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North Korea moves heavy weapons to border with South

North Korea has started rebuilding guard posts and stationing heavy weapons along its border with South Korea, the defence ministry in Seoul has said, after the countries’ withdrawal from a key confidence-building agreement designed to prevent a war.

Media reports cited the South Korean military as saying it had detected troops from the North repairing camouflaged guard posts that the regime had destroyed as part of a comprehensive military agreement in 2018 designed to lower the risk of a confrontation along the heavily armed demilitarised zone (DMZ).

The South’s military said North Korean soldiers had been observed digging trenches at sites along the border and the regime had sent heavy weapons to the area.

The DMZ has divided the two countries since the end of the 1950-53 Korean war and is seen as a potential flashpoint in any future inter-Korean conflict.

The neighbours had dismantled or disarmed 11 guard posts as part of the 2018 deal, but both sides appear ready to ditch the agreement after a recent rise in tensions triggered by the North’s launch last Tuesday of a spy satellite in defiance of UN sanctions.

Related: ‘Nuclear tinderbox’: Kim’s threats put North Korea on wrong side of history | Simon Tisdall

After the launch, Seoul said it would suspend parts of the agreement and resume aerial surveillance near the border. In response, Pyongyang said it would deploy powerful weapons near the border and walk away from the agreement.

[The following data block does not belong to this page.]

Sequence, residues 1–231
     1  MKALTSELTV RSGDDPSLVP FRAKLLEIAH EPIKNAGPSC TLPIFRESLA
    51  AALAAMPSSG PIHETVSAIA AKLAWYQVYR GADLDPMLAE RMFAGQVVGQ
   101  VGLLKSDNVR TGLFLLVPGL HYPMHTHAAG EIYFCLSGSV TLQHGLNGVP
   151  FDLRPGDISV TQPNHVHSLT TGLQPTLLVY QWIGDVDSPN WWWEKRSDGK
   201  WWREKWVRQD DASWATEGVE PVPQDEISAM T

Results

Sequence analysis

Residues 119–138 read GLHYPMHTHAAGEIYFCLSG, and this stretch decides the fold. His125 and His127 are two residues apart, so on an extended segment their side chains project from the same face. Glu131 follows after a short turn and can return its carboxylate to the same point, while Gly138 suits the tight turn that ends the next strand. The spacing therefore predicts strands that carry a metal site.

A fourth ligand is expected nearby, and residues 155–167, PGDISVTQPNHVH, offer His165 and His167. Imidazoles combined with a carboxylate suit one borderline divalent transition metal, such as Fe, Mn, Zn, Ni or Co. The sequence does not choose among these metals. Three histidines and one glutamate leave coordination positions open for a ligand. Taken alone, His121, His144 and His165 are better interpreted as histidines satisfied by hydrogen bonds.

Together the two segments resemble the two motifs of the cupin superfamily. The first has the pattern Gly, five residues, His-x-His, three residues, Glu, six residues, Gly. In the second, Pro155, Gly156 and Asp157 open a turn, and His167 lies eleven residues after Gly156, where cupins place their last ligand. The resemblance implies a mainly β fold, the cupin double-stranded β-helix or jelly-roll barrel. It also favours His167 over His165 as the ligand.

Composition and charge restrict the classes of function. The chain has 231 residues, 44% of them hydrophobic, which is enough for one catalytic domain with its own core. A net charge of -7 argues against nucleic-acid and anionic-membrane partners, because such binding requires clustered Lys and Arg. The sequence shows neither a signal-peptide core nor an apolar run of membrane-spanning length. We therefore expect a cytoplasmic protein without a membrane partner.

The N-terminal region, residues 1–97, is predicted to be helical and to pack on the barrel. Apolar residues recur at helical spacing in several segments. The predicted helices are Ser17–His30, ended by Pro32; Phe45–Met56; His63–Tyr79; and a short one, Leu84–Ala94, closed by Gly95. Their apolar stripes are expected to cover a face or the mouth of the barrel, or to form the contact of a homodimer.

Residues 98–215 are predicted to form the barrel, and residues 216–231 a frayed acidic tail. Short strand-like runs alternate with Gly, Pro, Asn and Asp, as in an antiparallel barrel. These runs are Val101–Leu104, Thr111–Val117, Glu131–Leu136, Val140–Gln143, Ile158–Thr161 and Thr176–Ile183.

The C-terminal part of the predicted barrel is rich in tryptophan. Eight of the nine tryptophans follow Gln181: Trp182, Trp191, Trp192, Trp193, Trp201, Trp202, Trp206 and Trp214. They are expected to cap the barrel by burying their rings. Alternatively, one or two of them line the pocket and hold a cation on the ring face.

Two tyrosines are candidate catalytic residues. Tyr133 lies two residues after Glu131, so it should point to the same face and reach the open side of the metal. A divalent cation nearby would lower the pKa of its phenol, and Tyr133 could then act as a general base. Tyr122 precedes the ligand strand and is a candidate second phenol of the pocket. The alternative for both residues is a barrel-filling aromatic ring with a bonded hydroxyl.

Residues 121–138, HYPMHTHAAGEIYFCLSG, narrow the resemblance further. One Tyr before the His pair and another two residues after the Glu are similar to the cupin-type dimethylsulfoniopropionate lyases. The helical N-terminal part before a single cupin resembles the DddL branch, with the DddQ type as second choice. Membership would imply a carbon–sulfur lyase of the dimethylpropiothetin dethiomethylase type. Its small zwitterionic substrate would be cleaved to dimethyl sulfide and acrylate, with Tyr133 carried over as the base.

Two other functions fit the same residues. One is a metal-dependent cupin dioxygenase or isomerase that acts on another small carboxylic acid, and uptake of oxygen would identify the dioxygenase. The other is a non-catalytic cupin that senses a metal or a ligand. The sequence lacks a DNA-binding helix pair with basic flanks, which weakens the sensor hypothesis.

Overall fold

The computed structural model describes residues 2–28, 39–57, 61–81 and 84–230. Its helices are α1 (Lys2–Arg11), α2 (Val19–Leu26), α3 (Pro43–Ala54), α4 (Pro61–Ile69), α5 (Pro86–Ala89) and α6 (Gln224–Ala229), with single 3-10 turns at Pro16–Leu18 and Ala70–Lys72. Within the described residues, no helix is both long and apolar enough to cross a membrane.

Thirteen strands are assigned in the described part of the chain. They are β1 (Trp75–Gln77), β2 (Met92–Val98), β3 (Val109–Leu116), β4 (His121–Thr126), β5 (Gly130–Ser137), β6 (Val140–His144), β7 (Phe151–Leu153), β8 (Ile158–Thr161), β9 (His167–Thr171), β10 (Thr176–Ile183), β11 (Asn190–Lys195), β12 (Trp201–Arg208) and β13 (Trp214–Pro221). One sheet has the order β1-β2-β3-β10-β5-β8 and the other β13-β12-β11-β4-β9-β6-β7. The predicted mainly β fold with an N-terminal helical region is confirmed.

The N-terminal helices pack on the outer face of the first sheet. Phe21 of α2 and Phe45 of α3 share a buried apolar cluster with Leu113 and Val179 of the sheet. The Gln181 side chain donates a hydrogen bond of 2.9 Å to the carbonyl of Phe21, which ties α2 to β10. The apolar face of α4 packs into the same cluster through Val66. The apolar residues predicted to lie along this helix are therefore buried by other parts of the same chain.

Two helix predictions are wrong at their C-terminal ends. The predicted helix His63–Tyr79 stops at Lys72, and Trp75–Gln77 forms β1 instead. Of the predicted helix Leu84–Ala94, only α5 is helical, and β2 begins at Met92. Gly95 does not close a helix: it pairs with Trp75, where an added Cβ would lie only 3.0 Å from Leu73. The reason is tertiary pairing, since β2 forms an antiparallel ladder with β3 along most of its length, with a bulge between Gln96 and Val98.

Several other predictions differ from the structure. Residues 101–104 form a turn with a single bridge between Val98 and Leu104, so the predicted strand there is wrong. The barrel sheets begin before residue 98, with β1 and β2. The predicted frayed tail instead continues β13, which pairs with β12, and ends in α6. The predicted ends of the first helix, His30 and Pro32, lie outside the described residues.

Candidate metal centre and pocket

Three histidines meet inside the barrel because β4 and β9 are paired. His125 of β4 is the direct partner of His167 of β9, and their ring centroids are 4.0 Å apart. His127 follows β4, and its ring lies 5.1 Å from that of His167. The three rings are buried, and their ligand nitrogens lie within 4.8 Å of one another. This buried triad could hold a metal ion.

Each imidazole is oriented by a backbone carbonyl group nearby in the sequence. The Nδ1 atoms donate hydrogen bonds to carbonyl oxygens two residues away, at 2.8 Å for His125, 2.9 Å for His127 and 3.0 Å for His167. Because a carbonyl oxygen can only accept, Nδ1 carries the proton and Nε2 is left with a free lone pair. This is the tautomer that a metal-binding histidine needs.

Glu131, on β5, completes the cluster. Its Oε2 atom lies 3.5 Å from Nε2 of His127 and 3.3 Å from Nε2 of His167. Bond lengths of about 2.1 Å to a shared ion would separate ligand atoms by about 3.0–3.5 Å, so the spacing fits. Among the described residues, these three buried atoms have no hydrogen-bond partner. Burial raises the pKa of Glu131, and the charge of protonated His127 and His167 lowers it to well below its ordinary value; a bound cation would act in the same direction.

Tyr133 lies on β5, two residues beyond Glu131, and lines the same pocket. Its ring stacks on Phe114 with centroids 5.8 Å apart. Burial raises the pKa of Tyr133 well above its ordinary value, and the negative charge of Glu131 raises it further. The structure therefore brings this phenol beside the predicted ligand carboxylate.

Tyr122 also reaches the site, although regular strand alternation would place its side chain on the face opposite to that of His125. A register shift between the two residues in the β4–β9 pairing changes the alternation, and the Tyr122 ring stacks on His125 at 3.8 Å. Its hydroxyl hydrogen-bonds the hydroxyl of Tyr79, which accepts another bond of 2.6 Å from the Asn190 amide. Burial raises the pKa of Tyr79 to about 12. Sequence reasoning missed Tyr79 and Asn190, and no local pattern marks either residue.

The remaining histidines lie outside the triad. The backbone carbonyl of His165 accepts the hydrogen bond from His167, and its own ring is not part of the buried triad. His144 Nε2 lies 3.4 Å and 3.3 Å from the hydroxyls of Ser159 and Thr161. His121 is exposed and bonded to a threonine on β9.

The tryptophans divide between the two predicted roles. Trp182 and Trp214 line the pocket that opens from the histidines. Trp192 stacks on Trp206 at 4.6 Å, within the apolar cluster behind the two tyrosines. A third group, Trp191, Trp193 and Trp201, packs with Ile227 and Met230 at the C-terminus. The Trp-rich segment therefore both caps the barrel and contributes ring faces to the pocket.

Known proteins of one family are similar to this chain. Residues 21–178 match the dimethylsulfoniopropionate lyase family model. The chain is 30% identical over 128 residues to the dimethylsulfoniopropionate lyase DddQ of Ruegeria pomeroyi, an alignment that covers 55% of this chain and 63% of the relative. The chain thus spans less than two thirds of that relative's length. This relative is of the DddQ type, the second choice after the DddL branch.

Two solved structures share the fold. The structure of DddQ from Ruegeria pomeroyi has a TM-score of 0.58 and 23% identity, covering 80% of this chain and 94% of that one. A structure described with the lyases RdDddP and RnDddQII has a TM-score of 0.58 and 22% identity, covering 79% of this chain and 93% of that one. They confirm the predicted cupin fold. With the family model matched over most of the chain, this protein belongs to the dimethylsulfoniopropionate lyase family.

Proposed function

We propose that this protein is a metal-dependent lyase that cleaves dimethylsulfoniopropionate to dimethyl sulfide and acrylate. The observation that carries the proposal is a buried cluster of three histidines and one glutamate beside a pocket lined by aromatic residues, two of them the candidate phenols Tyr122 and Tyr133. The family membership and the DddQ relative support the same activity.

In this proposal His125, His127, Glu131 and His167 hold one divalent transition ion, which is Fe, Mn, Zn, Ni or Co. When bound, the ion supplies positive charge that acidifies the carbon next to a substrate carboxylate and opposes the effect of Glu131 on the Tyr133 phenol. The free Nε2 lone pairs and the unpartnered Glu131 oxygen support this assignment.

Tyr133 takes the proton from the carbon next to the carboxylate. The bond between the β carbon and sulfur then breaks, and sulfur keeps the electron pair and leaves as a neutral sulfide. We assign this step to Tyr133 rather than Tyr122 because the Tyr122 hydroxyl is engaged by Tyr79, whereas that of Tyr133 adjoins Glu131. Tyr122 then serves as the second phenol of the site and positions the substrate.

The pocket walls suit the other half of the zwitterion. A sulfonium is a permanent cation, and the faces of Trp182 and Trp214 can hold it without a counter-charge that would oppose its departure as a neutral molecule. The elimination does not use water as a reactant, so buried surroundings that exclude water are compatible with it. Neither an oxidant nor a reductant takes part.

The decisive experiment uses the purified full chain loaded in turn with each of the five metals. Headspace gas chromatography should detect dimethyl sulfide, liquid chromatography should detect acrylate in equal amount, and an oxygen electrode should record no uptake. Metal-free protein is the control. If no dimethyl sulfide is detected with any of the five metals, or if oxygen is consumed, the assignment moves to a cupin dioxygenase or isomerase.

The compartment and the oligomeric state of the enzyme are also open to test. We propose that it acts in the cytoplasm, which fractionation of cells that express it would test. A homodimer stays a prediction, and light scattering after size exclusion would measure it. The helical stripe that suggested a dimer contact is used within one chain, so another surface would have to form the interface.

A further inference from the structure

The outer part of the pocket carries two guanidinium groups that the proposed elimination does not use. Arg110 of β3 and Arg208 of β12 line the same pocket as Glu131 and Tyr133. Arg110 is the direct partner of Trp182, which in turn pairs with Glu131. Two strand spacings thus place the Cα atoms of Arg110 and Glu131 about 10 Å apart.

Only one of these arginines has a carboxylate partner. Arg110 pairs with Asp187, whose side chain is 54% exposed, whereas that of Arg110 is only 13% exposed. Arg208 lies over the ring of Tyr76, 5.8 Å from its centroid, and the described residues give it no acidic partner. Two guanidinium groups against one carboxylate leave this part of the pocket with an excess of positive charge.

The deal, reached during a period of rapprochement between South Korea’s then president, Moon Jae-in, and the North’s leader, Kim Jong-un, committed both sides to demolishing guard posts within 1km of the border, banning military drills and manoeuvres near the land and sea borders, and establishing no-fly zones.

The South Korean defence ministry on Monday distributed to journalists photographs that it said showed North Korean soldiers building a temporary guard post and moving what appeared to be a recoilless rifle – a portable anti-vehicle weapon or light artillery piece – to a newly built trench.

“Our military will closely monitor North Korea’s provocative acts while maintaining full readiness to be able to immediately retaliate to North Korea’s provocations … based on our strengthened combined posture with the US,” the ministry said, according to the Yonhap news agency.

North Korea has threatened to launch more satellites, which violate UN security council sanctions because they incorporate technology used in long-range ballistic missiles.

In a statement carried by the state-run KCNA news agency on Monday, North Korea’s foreign ministry dismissed condemnation of the satellite launch from the US and nine other members of the UN security council.

It said the launch was “a legal and just way to exercise its right to defend itself and thoroughly respond to and precisely monitor … serious military action by the US and its followers”.

South Korean officials confirmed that the satellite had entered orbit and said more time was needed to determine if it was functioning normally. There is speculation that the launch was made possible by technological assistance from Russia, possibly in exchange for North Korean ammunition to support the Kremlin’s war in Ukraine.